Rodney Matthews Studios
Master of fantastic imagery returns to his classic designs to dress sights into sounds.
Even though Rodney Matthews’ name has been synonymous with music for decades now, the British illustrator’s own sonic exercises remained unseen – or rather, unheard – until recently, when the veteran reverted to his erstwhile pastime of playing drums and composing with sound… and vision, too. That’s the idea behind this album, devised in alliance with American guitarist Jeff Scheetz: to give the veteran’s artworks a new layer of meaning and bring them to life in a different manner. It took the project a couple of decades to come to fruition, the record’s background both tragic and inspired, but the results feel worth the wait on many a level. Matthews’ music may seem like pure prog, yet it’s magnificently unpretentious. Humor and grotesque being as vital parts of Rodney’s paintings as the sense of immersion and natural beauty, all these qualities inform “Trinity” whose bombast is tempered but melodies are arresting.
As if to move any doubts about Rodney’s performing abilities out of the way right away, the album begins with instrumental number “The Heavy Metal Hero” – a juggernaut cut, chugging down Jeff’s jagged passages and arpeggios and clothed in cosmic keyboards by Oliver Wakeman, the last of the album’s prime movers, to showcase Matthews’ belligerent assault without ever losing sight of a tune – before letting John Payne and Sarah Prothero enter the stage and give the voice to the epic magic of “Mirador”: arguably, its creator’s most memorable image, aurally steeped in folksy detail and panoramic depth. Payne’s bass propels the piano-splashed waltz “The Granite Curtain” towards a tempo-shifting futuristic fantasy which is stricken with sax and smelling of nocturnal fatigue in a bar at the edge of the Universe where a brawl can break out any minute, although the real menace is concealed in the ecology-minded “Stop The Slaughter” where the contrast between infernal riff and new-age serenity drives this whale of a track into the sunset.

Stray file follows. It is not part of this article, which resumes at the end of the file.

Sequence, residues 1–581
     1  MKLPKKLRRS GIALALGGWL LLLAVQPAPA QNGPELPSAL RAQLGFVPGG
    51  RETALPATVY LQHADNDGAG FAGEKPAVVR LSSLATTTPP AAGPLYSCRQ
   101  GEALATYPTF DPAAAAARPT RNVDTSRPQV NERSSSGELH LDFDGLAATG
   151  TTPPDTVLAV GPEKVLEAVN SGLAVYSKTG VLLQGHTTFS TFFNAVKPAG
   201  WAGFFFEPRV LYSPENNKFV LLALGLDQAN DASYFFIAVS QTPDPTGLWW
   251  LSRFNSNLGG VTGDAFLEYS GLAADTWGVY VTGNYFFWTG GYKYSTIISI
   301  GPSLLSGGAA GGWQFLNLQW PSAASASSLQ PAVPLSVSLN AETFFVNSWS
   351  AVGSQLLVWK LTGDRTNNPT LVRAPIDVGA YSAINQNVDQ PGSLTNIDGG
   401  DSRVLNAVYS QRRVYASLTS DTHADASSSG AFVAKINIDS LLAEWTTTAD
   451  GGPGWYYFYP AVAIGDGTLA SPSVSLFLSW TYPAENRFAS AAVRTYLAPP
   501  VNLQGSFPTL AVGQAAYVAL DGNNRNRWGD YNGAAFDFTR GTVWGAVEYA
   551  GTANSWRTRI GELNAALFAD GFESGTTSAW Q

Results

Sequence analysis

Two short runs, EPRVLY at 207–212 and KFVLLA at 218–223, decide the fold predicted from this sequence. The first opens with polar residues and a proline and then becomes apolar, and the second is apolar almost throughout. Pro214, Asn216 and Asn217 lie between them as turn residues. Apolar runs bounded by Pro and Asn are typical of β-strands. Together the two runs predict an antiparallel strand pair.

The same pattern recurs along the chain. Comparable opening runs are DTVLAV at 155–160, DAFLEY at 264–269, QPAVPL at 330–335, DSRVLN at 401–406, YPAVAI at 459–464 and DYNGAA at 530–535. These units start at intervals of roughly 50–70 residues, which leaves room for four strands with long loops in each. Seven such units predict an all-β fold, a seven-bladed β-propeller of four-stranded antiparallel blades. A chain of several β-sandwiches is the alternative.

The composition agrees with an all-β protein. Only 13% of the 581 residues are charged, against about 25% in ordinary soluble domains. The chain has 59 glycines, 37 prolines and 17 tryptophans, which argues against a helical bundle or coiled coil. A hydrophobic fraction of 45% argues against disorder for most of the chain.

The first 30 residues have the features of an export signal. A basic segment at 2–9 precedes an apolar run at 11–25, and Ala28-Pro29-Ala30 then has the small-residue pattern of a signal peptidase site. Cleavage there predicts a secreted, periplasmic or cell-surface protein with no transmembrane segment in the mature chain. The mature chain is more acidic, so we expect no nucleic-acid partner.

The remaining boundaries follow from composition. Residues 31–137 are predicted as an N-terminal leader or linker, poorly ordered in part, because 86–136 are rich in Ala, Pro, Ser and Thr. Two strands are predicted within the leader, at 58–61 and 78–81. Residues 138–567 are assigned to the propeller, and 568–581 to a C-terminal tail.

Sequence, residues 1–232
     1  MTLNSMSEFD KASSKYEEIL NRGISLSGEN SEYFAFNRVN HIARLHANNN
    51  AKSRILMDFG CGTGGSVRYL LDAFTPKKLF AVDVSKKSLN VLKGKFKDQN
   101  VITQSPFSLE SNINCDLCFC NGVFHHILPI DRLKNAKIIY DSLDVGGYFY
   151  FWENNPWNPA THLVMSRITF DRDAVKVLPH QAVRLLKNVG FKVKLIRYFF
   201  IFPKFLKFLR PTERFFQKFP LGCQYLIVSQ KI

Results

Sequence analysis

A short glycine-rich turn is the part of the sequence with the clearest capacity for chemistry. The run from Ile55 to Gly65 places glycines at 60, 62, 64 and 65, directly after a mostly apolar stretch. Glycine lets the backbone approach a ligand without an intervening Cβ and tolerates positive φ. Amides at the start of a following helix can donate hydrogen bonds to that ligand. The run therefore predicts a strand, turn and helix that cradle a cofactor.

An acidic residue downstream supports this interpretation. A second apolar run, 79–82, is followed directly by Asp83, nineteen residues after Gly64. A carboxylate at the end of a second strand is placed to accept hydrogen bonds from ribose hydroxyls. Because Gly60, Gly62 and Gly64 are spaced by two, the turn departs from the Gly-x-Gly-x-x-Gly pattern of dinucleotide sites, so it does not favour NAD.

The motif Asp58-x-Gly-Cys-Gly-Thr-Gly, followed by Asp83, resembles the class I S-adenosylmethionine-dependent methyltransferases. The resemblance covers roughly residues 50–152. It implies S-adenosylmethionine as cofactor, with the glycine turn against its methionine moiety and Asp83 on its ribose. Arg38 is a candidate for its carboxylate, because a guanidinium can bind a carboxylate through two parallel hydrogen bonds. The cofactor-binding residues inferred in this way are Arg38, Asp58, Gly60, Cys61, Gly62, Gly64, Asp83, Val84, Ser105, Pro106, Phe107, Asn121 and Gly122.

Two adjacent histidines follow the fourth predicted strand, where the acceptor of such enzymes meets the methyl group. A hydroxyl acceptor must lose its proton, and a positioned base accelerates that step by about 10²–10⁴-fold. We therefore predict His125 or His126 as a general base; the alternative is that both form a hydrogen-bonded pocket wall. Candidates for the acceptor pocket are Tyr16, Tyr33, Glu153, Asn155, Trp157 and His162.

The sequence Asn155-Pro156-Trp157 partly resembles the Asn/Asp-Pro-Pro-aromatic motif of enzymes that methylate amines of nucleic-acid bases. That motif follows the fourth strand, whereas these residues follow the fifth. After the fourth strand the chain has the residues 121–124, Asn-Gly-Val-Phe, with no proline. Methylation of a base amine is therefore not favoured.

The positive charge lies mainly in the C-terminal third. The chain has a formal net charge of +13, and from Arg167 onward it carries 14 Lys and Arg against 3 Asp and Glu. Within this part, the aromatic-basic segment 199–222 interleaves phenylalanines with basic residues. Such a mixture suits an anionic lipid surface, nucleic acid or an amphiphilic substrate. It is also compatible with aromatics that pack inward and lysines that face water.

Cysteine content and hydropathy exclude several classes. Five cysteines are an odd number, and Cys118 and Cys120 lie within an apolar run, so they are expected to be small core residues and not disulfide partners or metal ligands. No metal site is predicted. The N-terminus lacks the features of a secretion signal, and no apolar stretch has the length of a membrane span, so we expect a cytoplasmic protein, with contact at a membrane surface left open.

Not surprisingly, adventurousness reigns supreme here, “The Hop” offering a radiant dance on a sawdust floor and “The Leavetaking” taking a defiant, cymbals-caressed stroll over moonlit vista, wrapped in woodwind and supported by Tony Clarkin‘s mighty four-string rumble. His MAGNUM partner Bob Catley joins the party to provide handclaps on the titular piece – the warbler will add vocals to “I Saw Three Ships” on the vinyl album’s bonus side, where Ms Prothero will sing “Trinity” – that share the space with Rick Wakeman‘s harpsichord and church organ which smear spirituality over this majestic tapestry, as guitars rage and drums accentuate the otherworldly vibe.
No less impressive is a hefty, if funky, arrangement of Mussorgsky’s “Night On The Bare Mountain” that lends its orchestral landscape to wah-wah groans and ivory-laden grandeur, leading to the playful “November Wedding” which Oliver wrote for Rodney and Sarah’s nuptials and fleshed out later for the entire ensemble to elevate beyond the celestial. Once there, the enchanting scene of “Rivendell” emerges from acoustic mist and embraces electric miracle until spoken words draw the curtain on the pastorale and render these fairy tales fairly inhabitable – just as Matthews wanted. He and his co-conspirators have built a stupendous display of the wonders one’s wild imagination can invoke, with a booklet delving further into each of the record’s stories and unfolding paintings for the listener to admire. A brilliant design – nigh on perfect.